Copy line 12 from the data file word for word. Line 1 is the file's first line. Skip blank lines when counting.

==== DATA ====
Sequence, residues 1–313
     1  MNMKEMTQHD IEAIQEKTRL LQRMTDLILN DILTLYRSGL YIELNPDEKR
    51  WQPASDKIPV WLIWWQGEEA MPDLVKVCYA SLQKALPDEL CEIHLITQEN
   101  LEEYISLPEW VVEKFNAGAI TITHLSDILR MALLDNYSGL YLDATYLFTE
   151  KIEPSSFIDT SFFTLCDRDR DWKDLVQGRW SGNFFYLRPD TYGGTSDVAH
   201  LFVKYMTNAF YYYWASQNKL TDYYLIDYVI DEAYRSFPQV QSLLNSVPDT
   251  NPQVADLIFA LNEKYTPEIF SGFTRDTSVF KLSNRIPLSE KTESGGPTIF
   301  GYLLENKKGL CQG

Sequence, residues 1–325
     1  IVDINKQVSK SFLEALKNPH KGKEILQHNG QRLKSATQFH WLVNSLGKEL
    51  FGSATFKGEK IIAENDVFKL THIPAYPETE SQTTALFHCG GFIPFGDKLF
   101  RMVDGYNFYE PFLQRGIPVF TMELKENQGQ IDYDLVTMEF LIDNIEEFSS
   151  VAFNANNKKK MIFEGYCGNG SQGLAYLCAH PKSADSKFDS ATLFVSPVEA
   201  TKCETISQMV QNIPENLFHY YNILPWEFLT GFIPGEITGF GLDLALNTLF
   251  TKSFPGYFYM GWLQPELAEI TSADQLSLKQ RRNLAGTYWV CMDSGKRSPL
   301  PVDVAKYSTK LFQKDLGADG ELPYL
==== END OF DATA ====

   101  RMVDGYNFYE PFLQRGIPVF TMELKENQGQ IDYDLVTMEF LIDNIEEFSS